International preparedness is the only way to mitigate international security risks. Individual organizations are only single elements of the global economy, and in a digital world, there are virtually no limits to the damage a single breach can cause. Malicious cyberattacks are an international concern, particularly as criminal organizations become more prominent. The international sharing of technology can boost the world economy, but the cybersecurity risks will grow as well.
What Breaches Tell Us About Cybersecurity
Every breach offers both the organization experiencing the breach as well as everyone else a reminder of the importance of proactive security measures.
Any time a breach occurs, it reveals any weaknesses in security exploited by hackers.
The following lessons can help prevent further cybersecurity disasters.
Vigilance is necessary
Hackers become more technologically savvy each day, making vigilance essential.
Breaches in cybersecurity will occur, but as demonstrated by the many large corporations, including Equifax, that has been rocked by massive breaches, many of them are likely preventable.
Breaches in security are often exacerbated when organizations ignore basic security measures.
Only when businesses recognize that information is always at risk can they take a more proactive approach in employing measures that can mitigate the losses associated with, if not entirely prevent, data breaches.
A shared economy creates a higher risk
As the sharing economy continues to gain traction and disrupt, organizations must recognize that along with the benefits that may be realized, there is also a risk.
As the shared economy grows, it’s not only consumers who are at risk from data breaches but the companies they work for.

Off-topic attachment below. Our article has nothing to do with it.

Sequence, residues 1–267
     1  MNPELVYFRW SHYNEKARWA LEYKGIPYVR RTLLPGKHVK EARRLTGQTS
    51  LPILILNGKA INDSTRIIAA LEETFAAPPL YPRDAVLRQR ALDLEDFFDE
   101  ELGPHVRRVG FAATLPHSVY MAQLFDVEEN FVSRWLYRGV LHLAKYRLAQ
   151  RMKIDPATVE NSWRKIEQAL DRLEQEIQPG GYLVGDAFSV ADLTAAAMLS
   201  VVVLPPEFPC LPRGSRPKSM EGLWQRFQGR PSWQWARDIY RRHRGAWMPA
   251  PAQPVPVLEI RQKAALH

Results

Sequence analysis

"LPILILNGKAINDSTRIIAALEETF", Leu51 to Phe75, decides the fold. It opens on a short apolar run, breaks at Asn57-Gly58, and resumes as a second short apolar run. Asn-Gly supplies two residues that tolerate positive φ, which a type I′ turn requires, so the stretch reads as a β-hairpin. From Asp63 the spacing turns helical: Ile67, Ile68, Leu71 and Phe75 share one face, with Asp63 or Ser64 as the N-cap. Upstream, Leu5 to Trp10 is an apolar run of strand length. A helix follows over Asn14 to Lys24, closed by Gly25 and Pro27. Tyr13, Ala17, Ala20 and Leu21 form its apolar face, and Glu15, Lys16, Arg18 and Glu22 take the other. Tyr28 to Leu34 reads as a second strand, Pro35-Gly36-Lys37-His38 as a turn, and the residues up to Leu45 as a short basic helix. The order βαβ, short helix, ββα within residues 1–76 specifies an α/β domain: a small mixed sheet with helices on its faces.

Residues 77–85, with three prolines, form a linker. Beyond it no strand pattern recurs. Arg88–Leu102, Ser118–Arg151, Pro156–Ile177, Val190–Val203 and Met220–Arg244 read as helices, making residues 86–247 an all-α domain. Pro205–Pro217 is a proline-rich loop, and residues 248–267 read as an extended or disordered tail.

The reality is, breaches are costly and can result in more than simply financial loss.
Stakeholders and investors are wary of businesses that have experienced breaches, as well as are consumers.
A shared economy demands that there are strong cybersecurity protocols across channels.
Third-party vendors can be a risk
Target and Home Depot were both victims of the same malware, and investigations proved that their primary security systems were not the main point of failure.
Granting access to third-party vendors, like offsite HVAC vendors, can allow hackers to embed malware and exploit system vulnerabilities.
Breaches have taught organizations that their vendors must be carefully vetted and should not be given more access than necessary to complete their jobs.
Security connections, passwords, logs, and more must be consistently monitored to find evidence of and prevent breaches.
Everyone is responsible for cybersecurity
Cybersecurity professionals are gaining knowledge from every breach, to help them prevent loss of critical information in the future.
The most important lesson we can learn from data breaches is that everyone within an organization is responsible.
The organization must invest not only in proper security measures and infrastructure but also in policies and procedures that encourage safe practices.
Every person on the staff must be trained to be vigilant, to recognize phishing, to report irregularities.
Companies must develop an entire culture of cybersecurity awareness; otherwise, weaknesses in systems will continue.
The ITeam understands IT Service and all security issues facing Canada. We are committed to helping Calgary- and Alberta-based businesses develop proactive, cost-effective Managed IT strategies that minimize risk and maximize efficiency. Contact us to learn more.
The most common mistake a small business makes regarding cybersecurity is the assumption that their business will not be targeted.
Unfortunately, hackers do not discriminate based on size.
Small businesses often have vulnerabilities in their systems that can lead to billions in losses.